Short Message Service Center (SMSC) 109 allows one-to-one Short Message Service (SMS) messages to be sent to/from MS 102. Push Proxy Gateway (PPG) 111 is used to “push” (i.e., send without a synchronous request) content to MS 102. PPG 111 acts as a proxy between wired and wireless networks to facilitate pushing of data to MS 102. Short Message Peer to Peer (SMPP) protocol router 113 is provided to convert SMS-based SMPP messages to cell broadcast messages. SMPP is a protocol for exchanging SMS messages between SMS peer entities such as short message service centers. It is often used to allow third parties, e.g., content suppliers such as news organizations, to submit bulk messages.
To gain access to GSM services, such as speech, data, and short message service (SMS), the MS first registers with the network to indicate its current location by performing a location update and IMSI attach procedure. MS 102 sends a location update including its current location information to the MSCNVLR, via BTS 104 and BSC 106. The location information is then sent to the MS's HLR. The HLR is updated with the location information received from the MSCNVLR. The location update also is performed when the MS moves to a new location area. Typically, the location update is periodically performed to update the database as location updating events occur.
GPRS network 130 is logically implemented on the GSM core network architecture by introducing two packet-switching network nodes, a serving GPRS support node (SGSN) 132, a cell broadcast and a Gateway GPRS support node (GGSN) 134. SGSN 132 is at the same hierarchical level as MSC 108 in the GSM network. The SGSN controls the connection between the GPRS network and MS 102. The SGSN also keeps track of individual MS's locations and security functions and access controls.
Cell Broadcast Center (CBC) 133 communicates cell broadcast messages that are typically delivered to multiple users in a specified area. Cell Broadcast is one-to-many geographically focused service. It enables messages to be communicated to multiple mobile phone customers who are located within a given part of its network coverage area at the time the message is broadcast.
GGSN 134 provides a gateway between the GPRS network and a public packet network (PDN) or other IP networks 136. That is, the GGSN provides interworking functionality with external networks, and sets up a logical link to the MS through the SGSN. When packet-switched data leaves the GPRS network, it is transferred to external TCP-IP network 136, such as an X.25 network or the Internet. In order to access GPRS services, the MS first attaches itself to the GPRS network by performing an attach procedure. The MS then activates a packet data protocol (PDP) context, thus activating a packet communication session between the MS, the SGSN, and the GGSN.
In a GSM/GPRS network, GPRS services and GSM services can be used in parallel. The MS can operate in one three classes: class A, class B, and class C. A class A MS can attach to the network for both GPRS services and GSM services simultaneously. A class A MS also supports simultaneous operation of GPRS services and GSM services. For example, class A mobiles can receive GSM voice/data/SMS calls and GPRS data calls at the same time.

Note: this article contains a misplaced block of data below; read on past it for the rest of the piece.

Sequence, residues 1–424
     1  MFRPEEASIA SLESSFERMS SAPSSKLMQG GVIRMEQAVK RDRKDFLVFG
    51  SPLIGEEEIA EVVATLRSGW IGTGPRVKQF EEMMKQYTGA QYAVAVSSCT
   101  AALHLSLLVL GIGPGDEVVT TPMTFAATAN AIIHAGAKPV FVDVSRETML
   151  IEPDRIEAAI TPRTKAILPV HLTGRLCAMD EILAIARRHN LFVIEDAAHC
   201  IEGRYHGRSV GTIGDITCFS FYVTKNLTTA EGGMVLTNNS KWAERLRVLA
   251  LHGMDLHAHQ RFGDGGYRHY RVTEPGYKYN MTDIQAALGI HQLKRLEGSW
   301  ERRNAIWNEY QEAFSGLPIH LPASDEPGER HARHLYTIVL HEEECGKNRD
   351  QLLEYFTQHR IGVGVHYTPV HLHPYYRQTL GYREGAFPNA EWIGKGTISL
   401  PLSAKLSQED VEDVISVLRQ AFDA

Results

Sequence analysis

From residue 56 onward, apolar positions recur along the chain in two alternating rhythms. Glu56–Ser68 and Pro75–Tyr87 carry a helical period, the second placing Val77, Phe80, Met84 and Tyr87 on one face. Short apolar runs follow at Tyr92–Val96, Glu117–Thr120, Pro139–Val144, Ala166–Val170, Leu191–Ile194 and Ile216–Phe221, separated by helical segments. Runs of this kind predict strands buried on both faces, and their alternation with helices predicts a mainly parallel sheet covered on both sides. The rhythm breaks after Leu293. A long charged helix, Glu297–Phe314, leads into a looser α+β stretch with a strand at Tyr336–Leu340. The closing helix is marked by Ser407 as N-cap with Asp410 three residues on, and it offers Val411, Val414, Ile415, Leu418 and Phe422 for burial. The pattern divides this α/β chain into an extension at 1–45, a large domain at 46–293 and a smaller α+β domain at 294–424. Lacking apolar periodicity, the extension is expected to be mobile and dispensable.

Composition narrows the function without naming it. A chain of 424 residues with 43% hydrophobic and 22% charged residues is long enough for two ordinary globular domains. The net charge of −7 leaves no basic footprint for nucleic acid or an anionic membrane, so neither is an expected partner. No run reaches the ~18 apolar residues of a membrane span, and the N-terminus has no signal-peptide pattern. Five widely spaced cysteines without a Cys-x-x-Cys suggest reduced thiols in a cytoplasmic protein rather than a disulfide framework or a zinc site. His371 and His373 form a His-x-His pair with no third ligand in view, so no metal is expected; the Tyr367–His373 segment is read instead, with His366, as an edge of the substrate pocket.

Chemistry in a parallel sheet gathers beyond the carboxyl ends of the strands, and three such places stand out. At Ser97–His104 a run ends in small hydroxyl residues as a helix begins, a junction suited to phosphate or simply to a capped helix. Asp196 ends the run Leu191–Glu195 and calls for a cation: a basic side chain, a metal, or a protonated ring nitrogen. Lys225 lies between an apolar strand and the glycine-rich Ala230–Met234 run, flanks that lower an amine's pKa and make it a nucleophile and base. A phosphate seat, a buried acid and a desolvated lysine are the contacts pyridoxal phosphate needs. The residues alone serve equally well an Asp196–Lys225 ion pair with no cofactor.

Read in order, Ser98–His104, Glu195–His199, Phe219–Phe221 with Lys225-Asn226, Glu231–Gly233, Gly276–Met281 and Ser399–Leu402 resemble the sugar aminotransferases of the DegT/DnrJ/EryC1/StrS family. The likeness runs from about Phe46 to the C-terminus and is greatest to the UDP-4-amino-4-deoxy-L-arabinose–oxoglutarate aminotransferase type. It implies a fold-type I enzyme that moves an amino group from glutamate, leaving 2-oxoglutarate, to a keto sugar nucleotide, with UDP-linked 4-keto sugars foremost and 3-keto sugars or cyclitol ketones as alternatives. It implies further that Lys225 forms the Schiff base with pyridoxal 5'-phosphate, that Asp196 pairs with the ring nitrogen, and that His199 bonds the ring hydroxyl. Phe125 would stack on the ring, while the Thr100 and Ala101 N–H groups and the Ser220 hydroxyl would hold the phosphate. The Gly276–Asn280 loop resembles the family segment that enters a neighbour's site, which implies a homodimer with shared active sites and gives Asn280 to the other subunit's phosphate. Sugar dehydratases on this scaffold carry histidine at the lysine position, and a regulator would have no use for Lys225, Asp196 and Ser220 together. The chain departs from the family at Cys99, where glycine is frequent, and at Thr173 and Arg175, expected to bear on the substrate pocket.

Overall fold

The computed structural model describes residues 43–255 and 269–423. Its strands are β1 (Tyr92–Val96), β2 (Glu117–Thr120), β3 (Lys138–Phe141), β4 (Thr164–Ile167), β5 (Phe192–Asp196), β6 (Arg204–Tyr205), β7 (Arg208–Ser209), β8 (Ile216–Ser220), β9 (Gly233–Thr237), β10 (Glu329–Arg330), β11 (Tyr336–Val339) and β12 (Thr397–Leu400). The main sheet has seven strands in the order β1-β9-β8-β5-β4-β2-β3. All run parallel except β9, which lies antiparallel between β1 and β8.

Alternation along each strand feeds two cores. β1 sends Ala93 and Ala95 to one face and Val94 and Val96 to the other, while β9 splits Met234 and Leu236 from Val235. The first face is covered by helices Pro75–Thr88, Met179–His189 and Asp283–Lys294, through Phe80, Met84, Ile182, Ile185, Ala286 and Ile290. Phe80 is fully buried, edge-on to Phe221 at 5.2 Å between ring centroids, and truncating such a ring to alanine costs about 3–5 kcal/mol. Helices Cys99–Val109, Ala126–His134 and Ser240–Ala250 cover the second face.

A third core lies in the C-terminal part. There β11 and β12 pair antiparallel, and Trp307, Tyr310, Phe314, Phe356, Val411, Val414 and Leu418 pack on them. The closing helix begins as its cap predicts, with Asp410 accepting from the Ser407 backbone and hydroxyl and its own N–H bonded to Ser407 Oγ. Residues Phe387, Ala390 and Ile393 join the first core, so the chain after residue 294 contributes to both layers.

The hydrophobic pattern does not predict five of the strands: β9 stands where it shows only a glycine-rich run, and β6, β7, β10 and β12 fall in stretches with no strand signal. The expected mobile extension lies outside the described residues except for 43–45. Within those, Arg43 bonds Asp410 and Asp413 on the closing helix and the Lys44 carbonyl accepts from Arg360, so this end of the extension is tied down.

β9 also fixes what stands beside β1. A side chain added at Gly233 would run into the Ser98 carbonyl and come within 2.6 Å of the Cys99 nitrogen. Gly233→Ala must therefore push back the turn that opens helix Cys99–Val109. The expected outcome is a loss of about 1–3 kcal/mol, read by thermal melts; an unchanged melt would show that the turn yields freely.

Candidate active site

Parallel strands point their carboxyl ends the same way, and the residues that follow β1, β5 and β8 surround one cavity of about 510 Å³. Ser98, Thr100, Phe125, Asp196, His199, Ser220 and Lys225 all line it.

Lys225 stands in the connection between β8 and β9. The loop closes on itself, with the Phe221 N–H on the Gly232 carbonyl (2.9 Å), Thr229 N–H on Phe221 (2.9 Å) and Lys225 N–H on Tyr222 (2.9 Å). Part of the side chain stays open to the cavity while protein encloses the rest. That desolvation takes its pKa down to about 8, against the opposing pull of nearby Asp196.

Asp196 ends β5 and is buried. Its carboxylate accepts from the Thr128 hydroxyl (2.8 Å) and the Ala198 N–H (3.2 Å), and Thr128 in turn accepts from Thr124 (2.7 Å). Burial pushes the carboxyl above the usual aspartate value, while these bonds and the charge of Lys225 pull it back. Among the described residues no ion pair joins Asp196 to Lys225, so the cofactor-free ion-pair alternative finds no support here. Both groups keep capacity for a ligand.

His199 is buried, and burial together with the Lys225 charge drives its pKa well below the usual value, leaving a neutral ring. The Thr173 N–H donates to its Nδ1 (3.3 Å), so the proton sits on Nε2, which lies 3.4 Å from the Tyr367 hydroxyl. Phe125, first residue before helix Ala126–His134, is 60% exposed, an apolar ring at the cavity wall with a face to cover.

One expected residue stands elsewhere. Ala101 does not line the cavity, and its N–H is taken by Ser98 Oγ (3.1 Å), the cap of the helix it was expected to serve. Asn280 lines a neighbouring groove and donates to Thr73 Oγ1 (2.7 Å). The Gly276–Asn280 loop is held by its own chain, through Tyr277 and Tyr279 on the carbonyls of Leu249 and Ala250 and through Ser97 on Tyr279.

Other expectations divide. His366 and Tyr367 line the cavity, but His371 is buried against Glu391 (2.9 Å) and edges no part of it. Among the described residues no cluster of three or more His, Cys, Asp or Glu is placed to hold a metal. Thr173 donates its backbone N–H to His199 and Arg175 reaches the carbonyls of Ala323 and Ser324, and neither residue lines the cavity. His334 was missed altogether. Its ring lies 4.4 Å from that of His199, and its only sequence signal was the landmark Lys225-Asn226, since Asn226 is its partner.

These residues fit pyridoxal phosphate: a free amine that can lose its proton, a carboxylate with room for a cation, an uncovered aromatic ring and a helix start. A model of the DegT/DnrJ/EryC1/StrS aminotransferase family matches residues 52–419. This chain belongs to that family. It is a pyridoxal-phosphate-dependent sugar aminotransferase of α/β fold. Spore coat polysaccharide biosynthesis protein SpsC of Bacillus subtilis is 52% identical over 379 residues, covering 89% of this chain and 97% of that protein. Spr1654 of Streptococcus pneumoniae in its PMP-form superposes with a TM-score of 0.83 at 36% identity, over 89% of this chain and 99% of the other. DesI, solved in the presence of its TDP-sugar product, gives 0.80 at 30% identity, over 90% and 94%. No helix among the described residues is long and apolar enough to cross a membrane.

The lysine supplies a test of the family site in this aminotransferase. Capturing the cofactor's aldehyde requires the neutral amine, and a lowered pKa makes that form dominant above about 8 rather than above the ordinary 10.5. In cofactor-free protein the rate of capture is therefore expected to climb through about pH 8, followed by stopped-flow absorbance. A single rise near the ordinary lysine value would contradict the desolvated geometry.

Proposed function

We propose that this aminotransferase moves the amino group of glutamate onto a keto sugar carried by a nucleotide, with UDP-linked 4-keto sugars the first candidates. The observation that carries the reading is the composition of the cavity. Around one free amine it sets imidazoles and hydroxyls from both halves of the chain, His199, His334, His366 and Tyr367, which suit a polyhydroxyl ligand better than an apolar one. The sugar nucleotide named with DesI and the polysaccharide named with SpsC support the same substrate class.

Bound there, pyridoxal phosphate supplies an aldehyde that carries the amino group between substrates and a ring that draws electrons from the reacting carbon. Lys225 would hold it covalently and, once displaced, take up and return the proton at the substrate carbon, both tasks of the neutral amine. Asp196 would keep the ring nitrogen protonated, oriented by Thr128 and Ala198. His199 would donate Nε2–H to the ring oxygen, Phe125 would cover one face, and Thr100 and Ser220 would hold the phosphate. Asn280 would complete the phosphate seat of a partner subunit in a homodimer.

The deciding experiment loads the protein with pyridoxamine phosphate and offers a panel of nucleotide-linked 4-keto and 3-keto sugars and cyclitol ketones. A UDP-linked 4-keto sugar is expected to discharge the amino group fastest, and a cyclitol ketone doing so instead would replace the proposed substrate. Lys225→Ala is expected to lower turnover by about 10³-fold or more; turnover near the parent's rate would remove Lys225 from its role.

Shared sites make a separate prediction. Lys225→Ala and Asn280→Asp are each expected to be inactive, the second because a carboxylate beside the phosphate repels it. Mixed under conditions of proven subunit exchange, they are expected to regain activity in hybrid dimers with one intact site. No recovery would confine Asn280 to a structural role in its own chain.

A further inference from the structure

A class B MS can attach to the network for both GPRS services and GSM services simultaneously. However, a class B MS does not support simultaneous operation of the GPRS services and GSM services. That is, a class B MS can only use one of the two services at a given time.
A class C MS can attach for only one of the GPRS services and GSM services at a time. Simultaneous attachment and operation of GPRS services and GSM services is not possible with a class C MS.
GPRS network 130 can be designed to operate in three network operation modes (NOM1, NOM2 and NOM3). A network operation mode of a GPRS network is indicated by a parameter in system information messages transmitted within a cell. The system information messages dictates a MS where to listen for paging messages and how signal towards the network. The network operation mode represents the capabilities of the GPRS network. In a NOM1 network, a MS can receive pages from a circuit switched domain (voice call) when engaged in a data call. The MS can suspend the data call or take both simultaneously, depending on the ability of the MS. In a NOM2 network, a MS may not received pages from a circuit switched domain when engaged in a data call, since the MS is receiving data and is not listening to a paging channel In a NOM3 network, a MS can monitor pages for a circuit switched network while received data and vise versa.
IP multimedia network 138 was introduced with 3GPP Release 5, and includes IP multimedia subsystem (IMS) 140 to provide rich multimedia services to end users. A representative set of the network entities within IMS 140 are a call/session control function (CSCF), media gateway control function (MGCF) 146, media gateway (MGW) 148, and a master subscriber database, referred to as a home subscriber server (HSS) 150. HSS 150 may be common to GSM network 101, GPRS network 130 as well as IP multimedia network 138.